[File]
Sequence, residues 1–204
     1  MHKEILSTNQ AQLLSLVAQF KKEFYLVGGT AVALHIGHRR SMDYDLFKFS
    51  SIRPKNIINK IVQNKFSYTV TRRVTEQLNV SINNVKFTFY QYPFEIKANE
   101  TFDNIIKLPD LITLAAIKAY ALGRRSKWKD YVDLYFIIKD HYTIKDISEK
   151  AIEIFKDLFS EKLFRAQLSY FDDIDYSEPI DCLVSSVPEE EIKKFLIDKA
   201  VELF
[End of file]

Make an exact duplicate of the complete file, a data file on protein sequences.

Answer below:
Sequence, residues 1–204
     1  MHKEILSTNQ AQLLSLVAQF KKEFYLVGGT AVALHIGHRR SMDYDLFKFS
    51  SIRPKNIINK IVQNKFSYTV TRRVTEQLNV SINNVKFTFY QYPFEIKANE
   101  TFDNIIKLPD LITLAAIKAY ALGRRSKWKD YVDLYFIIKD HYTIKDISEK
   151  AIEIFKDLFS EKLFRAQLSY FDDIDYSEPI DCLVSSVPEE EIKKFLIDKA
   201  VELF